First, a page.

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Learning from low income countries: what are the lessons?: Palliative care can be delivered through neighbourhood networks

BMJ 2004; 329 doi: https://doi.org/10.1136/bmj.329.7475.1184 (Published 11 November 2004) Cite this as: BMJ 2004;329:1184
  1. Suresh Kumar (pain{at}vsnl.com), director
  1. Institute of Palliative Medicine, Medical College, Calicut 673008, Kerala, India

    EDITOR—Neighbourhood network in palliative care is an initiative in the south Indian state of Kerala to develop a sustainable, community owned service for long term and palliative care. It aims at empowering local people to look after chronically ill and dying patients in the community.

    Most of the problems associated with chronic or incurable illness, being social issues, require interventions by communities. In Kerala's neighbourhood network, local volunteers are trained to identify the problems of chronically ill patients in their area and to intervene socially. These volunteer groups are supported by trained doctors and nurses. The project has managed to bring many groups and social initiatives such as cultural and social organisations and student groups together on a common platform of social justice to work for chronically ill people.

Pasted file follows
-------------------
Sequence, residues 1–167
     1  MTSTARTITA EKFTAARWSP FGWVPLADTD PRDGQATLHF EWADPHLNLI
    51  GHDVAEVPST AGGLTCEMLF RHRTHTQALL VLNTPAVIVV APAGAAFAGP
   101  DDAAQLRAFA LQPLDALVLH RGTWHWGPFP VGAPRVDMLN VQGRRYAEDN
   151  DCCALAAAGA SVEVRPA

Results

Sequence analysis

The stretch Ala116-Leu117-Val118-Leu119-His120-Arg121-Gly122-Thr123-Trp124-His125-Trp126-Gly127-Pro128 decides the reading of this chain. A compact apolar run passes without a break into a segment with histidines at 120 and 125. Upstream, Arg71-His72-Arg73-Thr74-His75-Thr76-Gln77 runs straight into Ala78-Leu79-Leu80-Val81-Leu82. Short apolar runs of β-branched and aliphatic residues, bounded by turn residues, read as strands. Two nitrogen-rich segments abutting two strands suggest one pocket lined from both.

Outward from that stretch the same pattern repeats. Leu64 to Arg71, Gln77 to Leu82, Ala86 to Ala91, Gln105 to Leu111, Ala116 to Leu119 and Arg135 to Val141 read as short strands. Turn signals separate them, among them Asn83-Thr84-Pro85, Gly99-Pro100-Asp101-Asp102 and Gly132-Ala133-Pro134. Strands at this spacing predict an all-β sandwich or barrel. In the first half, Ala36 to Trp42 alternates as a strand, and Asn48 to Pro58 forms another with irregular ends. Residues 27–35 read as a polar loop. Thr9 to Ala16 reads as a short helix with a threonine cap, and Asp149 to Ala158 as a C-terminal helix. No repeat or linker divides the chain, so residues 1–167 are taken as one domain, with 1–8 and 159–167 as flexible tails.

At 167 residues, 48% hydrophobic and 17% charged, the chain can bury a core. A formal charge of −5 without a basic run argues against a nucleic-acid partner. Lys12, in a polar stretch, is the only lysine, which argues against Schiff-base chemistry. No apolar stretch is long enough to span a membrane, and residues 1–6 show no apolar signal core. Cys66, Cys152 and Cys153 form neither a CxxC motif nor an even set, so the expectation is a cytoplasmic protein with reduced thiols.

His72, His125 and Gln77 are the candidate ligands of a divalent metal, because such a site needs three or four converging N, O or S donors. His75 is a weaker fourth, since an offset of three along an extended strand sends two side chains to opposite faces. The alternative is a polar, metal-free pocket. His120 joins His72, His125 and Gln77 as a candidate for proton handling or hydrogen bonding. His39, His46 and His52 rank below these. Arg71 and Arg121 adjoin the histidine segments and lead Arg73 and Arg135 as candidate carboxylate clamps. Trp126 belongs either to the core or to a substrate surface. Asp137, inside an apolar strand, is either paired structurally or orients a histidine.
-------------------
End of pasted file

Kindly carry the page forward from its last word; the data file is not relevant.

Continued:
Neighbourhood network programmes have shown exceptionally good success rates everywhere. More than 50% coverage for all chronically ill patients seems to have been achieved within two years of initiation of the project. The district where it was first launched now has an estimated coverage of more than 70%.

    Involving the local community in all stages of the project, from planning to monitoring, has ensured sustainability of the project. Neighbourhood groups locally find the resources to deliver care: 80% of the funds for programmes are raised locally. The groups' advocacy role also results in generating support from local government.

    Kerala's neighbourhood network in palliative care serves as a realistic option for most of the developing world in organising much needed sustainable services for chronically ill and dying patients.

    Footnotes

    • Competing interests None declared.

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